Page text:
The times are changing

Last weekend, I went to the London Bike Show. It is one of those places where it is perfectly fine to stand staring with your mouth open at a bike then slowly stretching your hand out and very lightly stroking over the top tube. It tingles in your finger tips, eyes wide, big smile. It’s ok, because you’re not alone. Plenty of other bike enthusiasts around, doing exactly the same thing. One thing is striking though 95% of them are men. Women are at the show for sure, but most of them have their better half with them. You see groups of men, but rarely groups of women.

Browsing through the show website, there was an exhibitor category labelled ‘Female friendly’. Interesting. Two of the six listed were companies by women, for women. Both in the clothing and accessories sector. The rest were established clothing brands who carried a women’s range. Now, you can split cycling into two distinct segments: accessories (including clothing) and the technical stuff (bikes, drive trains etc). And it is the technical side I had a gripe with. But it is also a great example of how times and attitudes are changing.


Last year I went to the same show. Same situation, me on my lonesome. When I stood and had an interested look at a bike, I was left alone. There were enough staff around, but not one thought to start a conversation with me. A guy walked up to another of their bikes, had a cursory look and within a short space of time was involved in a conversation. It struck me as odd, I tried it a couple of times. Same outcome.

Fast forward

I expected much the same treatment this year. But, I am pleased to say, it was different in some ways but much the same in others. The bigger bike brands were much the same, I am afraid to say, possibly resting on the laurels of their well-known names. However, the smaller bike brands stood out. A fine example was a small Midlands brand. I admired their carbon road model and was approached fairly swiftly. The guy talked to me about their frames, tried to find out what sort of riding I do, talked to me about bike specs, changes they’d made in the geometry of their CX bike. Refreshing.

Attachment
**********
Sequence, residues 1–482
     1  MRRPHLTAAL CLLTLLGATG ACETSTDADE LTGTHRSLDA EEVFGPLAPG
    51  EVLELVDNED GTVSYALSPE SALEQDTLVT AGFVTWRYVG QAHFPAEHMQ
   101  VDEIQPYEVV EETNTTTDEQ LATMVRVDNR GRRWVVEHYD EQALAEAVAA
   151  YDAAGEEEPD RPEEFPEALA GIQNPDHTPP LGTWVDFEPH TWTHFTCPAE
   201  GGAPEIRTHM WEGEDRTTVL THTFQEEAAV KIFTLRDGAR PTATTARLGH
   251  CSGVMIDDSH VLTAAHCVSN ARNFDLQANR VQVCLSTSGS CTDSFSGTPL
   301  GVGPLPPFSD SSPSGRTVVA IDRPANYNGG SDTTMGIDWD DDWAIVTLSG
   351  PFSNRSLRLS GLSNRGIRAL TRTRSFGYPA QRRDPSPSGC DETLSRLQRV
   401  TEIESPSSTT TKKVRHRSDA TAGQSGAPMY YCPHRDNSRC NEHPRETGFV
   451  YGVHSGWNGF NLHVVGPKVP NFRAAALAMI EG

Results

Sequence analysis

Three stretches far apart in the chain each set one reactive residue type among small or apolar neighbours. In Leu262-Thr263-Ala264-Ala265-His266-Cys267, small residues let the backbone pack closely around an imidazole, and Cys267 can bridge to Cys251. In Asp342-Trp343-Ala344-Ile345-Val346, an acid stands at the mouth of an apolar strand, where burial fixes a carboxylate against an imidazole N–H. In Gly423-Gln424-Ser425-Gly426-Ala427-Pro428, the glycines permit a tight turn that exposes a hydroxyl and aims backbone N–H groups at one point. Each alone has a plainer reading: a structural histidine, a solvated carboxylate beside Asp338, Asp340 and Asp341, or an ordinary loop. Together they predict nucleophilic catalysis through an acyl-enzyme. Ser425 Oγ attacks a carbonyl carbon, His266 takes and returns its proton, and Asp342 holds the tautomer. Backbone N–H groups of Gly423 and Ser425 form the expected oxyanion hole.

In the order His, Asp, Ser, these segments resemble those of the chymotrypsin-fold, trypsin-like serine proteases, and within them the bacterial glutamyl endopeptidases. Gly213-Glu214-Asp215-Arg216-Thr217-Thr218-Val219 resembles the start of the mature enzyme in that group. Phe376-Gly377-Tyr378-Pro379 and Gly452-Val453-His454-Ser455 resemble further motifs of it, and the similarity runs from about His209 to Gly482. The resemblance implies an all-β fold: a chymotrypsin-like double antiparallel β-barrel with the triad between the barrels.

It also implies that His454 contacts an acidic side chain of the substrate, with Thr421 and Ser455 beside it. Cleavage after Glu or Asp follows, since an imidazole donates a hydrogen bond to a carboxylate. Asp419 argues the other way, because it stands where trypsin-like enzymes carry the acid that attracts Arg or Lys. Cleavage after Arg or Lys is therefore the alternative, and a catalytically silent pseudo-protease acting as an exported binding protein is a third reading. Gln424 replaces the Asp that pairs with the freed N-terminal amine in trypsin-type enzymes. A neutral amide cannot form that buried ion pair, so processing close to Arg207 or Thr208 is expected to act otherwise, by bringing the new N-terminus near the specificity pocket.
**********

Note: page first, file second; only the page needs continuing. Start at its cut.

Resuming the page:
I trundled on to one of the big tyre brands and wound up in a conversation with a Tour Series rider. There was genuine interest in my riding, some tips on the tyres to run at Flanders and most of all, encouragement when I mentioned I felt I lacked the confidence in my bike handling and for that reason had not tried bunch racing.

These are just two examples of how within a year, things have moved on. Female cycling participation is on the rise and the female market is still full of untapped potential. With women being more independent and career orientated, the spending power rests not solely with men any longer. There is still a long way to go though. I think most of it is not that companies are not interested in women riding their bikes, it seems more a case of insecurity, of how to talk about bikes to women, how to pitch the level of technical detail.

Here I can just pass on the advice from the pro rider: give it a go! Don’t be afraid. Just talk to women about bikes. They are interested and we will tell you if we don’t understand the tech language.

Surely, there is also the flip side that women don’t feel confident to talk about technical details of bikes. It’s a whole new language and they may feel intimidated talking to a man because there is this whole strange (self)perception around women and tech, so they bring their husbands and boyfriends to do the talking. Looking around the stands at the show, the staff were mostly men. When there were women, they were often more concerned with hospitality rather than talking about bikes. Again, some of the smaller brands were flying the flag. Probably because many of them are small family owned businesses where the women are invested in the business, too. It is possible that the smaller brands have more leverage in engaging women and talking to women about bikes, because of this. There’s no simple answer but it is a two way process of confidence building for both the female cyclists and the bike building industry. There’s something to mull over.

What I’d love to see is a bike company (and I don’t mean clothing and accessories) by women, for women. At the moment, I don’t know of any. If you do, let me know.

Next time I’ll answer our first #askthegoat question. Until then let me know what you think about my musings and keep asking your questions on facebook or on Twitter.

Happy cycling,


picture via pml2008